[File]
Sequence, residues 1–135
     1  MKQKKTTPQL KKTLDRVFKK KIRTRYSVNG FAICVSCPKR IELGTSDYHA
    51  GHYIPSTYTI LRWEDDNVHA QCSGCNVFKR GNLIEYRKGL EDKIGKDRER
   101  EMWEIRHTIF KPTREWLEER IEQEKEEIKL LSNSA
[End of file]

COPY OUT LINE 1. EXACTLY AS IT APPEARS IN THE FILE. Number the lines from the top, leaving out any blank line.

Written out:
Sequence, residues 1–135